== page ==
While I was composing this blog piece, I counted how many years I have been working as a paralegal, and I couldn’t believe the number: 15! Wow, time flies fast! Throughout my career, a few attorneys have asked me why I had decided to get a paralegal degree. Why didn’t I go to law school? Wouldn’t it have made sense seeing how a lawyer’s degree would have just taken an additional one or two more years? Many paralegals use a paralegal degree and experience as stepping stones to their real goal: becoming a lawyer. Why not me too?
I understand where the lawyers and the aspiring lawyers are coming from. The definition of a paralegal is described by Law.com as:
n. a non-lawyer who
performs routine tasks requiring some knowledge of the law and procedures and
who is employed by a law office or works free-lance as an independent for
various lawyers. Usually paralegals have taken a prescribed series of courses
in law and legal processes, which is much less demanding than those required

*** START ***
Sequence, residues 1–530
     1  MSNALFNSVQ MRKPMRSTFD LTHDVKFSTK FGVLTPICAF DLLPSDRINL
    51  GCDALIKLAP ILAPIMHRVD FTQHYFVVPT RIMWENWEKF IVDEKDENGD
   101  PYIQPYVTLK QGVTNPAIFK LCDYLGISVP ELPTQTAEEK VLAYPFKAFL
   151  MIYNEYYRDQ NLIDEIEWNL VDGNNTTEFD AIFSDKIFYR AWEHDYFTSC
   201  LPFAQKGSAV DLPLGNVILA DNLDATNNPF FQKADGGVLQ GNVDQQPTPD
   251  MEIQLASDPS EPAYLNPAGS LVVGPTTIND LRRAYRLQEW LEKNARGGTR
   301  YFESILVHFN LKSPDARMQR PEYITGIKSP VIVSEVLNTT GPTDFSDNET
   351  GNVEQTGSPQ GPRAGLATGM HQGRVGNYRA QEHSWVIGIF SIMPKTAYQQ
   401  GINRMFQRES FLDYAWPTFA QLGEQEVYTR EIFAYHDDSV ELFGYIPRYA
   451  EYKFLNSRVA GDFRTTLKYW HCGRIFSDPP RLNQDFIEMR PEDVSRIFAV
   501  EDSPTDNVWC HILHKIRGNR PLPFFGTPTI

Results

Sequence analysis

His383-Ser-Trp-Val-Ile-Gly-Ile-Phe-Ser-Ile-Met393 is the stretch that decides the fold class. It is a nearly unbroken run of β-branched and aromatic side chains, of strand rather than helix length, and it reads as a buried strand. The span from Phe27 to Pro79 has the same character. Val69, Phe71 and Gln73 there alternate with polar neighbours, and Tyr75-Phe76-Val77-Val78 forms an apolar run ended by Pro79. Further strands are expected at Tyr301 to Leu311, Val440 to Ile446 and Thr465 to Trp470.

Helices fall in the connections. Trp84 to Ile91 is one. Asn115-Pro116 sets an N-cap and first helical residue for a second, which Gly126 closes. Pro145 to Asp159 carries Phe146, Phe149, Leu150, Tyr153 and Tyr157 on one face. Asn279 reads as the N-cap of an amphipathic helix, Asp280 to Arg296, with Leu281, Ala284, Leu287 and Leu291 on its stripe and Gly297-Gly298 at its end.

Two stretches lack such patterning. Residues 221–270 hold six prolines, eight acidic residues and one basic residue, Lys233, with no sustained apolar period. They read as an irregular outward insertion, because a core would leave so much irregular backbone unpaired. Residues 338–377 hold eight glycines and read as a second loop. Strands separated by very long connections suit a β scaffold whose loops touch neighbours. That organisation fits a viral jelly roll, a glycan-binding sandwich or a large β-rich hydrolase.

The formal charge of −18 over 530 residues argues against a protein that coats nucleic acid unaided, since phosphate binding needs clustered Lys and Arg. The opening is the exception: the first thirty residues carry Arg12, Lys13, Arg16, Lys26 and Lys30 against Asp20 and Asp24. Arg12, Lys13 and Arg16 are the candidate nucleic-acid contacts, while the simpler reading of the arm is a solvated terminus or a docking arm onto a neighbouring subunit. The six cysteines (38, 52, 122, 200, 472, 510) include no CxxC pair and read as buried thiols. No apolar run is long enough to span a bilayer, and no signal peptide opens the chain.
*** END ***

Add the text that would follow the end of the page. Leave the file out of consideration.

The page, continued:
for a licensed attorney. Paralegals are increasingly popular, often handling
much of the paperwork in probates of estates, divorce actions, bankruptcies,
investigations, analyzing depositions, preparing and answering interrogatories
and procedural motions and other specialized jobs…
The definition is correct, but is missing the true essence of the paralegal’s role. The paralegal works quietly behind the scenes to help draft and proofread legal documents, conduct research, run files back and forth, make sure that legal documents are filed on time, organize and maintain the case files, and liaise between the departments and
other organizations. These are just a few of the tasks that paralegals are trusted to complete. During my time on one international criminal case, a lawyer that I worked with aptly stated that a case manager (that’s what my title was at the time) is to be seen and not heard. This lawyer is a wise woman and I believe that these same words can also apply to paralegals. Paralegals are a breed of strong multitaskers with a knowledge of the law that are the silent and continual back-bone to the attorneys they assist.
The Parallel World has been written for my colleagues, the paralegals. Our job can be a thankless one at times, but nonetheless an important and necessary one. My hat goes
off to all of you!